Even though Rockstar's HR department allowed and encouraged its employees to freely discuss working conditions on social media, we're hearing conflicting information when it comes to Red Dead Redemption 2's crunch, even with official stats.
Rockstar actually sent Kotaku their 2018 summary of average reported work hours across its studios, which claim that the company's average week consisted of 42.4 hours from January to March. From April to June, this rose to 45.5 hours, and further up to 45.8 hours from July to September.
Unfortunately, stats can be misleading at times and this seems to be one of those times because not all Rockstar employees were equally caught by the dreaded crunch. Dan Houser corrected his initial statement since, claiming that the 100 hour weeks were only for the writing team, which already shows that average stats don't tell the whole story. Add to that some wildly varying employee testimonies and we're on the same page.
Some Rockstar's employees are adamant that working on Red Dead Redemption 2 was a breeze, with barely any crunch time involved. In the same wave of public testimonies though, we've heard others testify to working 70 hour weeks, so it's a bit difficult to gauge the situation properly.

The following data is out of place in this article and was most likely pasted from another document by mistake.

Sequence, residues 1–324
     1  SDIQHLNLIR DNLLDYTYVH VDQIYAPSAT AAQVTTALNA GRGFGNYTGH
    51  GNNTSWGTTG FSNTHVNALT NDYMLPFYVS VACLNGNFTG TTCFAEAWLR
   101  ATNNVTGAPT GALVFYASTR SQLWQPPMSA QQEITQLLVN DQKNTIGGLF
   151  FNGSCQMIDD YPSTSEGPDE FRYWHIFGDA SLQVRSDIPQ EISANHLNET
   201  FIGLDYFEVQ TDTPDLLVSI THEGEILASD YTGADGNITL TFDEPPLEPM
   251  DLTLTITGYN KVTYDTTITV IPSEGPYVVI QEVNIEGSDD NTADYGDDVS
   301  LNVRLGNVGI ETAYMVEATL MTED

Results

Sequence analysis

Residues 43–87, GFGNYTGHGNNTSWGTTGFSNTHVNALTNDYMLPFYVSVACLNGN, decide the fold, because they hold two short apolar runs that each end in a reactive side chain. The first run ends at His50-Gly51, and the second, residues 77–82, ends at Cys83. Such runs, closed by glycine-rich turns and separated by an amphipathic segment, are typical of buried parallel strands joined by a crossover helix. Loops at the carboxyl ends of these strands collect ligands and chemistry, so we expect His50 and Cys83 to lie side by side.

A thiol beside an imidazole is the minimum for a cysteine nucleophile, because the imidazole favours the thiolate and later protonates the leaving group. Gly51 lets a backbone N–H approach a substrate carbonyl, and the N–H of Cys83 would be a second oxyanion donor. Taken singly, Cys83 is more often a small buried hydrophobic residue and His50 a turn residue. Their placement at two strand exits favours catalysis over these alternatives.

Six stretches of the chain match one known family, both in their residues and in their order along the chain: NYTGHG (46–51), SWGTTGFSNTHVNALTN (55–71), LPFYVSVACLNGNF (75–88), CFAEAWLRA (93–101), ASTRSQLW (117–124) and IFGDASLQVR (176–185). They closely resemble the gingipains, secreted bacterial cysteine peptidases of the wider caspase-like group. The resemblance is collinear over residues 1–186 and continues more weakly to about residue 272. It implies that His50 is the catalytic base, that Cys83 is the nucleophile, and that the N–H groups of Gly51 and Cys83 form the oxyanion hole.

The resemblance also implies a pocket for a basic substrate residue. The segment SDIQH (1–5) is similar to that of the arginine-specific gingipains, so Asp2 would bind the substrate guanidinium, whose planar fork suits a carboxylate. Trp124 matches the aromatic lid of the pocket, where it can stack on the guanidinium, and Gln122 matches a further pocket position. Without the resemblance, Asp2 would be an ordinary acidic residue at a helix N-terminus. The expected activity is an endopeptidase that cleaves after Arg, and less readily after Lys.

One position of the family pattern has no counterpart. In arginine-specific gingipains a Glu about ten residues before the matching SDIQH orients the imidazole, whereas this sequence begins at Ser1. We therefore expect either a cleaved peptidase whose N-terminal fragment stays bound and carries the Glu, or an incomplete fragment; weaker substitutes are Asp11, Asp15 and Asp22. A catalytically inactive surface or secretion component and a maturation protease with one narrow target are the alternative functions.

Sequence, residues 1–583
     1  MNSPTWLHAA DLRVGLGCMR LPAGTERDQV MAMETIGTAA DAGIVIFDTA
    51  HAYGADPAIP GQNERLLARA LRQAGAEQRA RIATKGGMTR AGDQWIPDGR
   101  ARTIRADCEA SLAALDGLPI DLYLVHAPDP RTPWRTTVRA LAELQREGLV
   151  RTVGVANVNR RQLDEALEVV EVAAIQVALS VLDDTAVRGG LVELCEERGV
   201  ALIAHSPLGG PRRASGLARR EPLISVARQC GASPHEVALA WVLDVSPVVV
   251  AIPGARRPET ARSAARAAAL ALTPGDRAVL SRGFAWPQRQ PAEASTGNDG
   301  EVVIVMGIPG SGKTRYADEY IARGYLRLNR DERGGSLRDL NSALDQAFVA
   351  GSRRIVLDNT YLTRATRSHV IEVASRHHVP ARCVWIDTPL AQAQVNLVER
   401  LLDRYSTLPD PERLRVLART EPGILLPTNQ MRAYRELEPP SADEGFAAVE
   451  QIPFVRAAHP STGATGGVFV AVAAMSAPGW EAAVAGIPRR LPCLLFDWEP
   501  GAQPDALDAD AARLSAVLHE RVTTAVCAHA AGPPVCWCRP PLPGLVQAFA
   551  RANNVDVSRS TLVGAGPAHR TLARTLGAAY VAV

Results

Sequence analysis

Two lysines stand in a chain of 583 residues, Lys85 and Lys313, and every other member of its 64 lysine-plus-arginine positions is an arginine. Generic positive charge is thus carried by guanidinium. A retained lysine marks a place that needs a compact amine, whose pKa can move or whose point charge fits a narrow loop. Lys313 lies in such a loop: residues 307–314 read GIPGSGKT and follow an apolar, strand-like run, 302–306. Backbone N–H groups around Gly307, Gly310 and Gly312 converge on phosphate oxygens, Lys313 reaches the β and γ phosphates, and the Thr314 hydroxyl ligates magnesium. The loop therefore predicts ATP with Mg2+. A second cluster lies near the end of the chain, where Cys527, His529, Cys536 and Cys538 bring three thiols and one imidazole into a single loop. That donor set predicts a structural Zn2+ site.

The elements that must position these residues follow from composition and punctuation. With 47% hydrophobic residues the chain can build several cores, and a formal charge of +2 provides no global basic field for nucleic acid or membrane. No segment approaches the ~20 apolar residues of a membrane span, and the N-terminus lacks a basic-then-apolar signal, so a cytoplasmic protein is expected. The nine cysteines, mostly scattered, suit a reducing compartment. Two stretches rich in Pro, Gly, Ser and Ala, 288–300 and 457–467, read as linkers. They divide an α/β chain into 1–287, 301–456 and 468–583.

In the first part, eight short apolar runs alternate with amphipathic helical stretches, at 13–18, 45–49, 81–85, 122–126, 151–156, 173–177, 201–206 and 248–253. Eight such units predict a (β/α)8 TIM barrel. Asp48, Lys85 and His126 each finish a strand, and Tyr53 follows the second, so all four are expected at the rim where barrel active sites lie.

Add to that the fact that Rockstar spans a bunch of studios across the globe and any attempt at an analysis quickly takes a turn into unwise generalisation territory. Nevertheless, Kotaku's conversations with England, San Diego and New York offices of Rockstar yielded some interesting testimonies.
A former employee of Rockstar San Diego says that leaving early on weekdays or weekends would get you dirty looks. "There was this culture of, if you don't put in the hours, you're not working there", he said. Another employee mentioned that the company at one point offered laundry service, which was interpreted as a universal sign of not getting enough time off to do it yourself.
The company's head of publishing, Jennifer Kolbe, agreed that the situation with Red Dead Redemption development was a dire one but insists that the studio learned from it and improved the situation significantly for Red Dead Redemption 2. However, while it is true that many people worked really long hours, many of them inflate their actual hours based on how it felt at the time, Kolbe argued.
"We care deeply about the games. I think that can sometimes result in a little bit of...you can become obsessive about certain things", she concluded.
You can find Kotaku's full report here.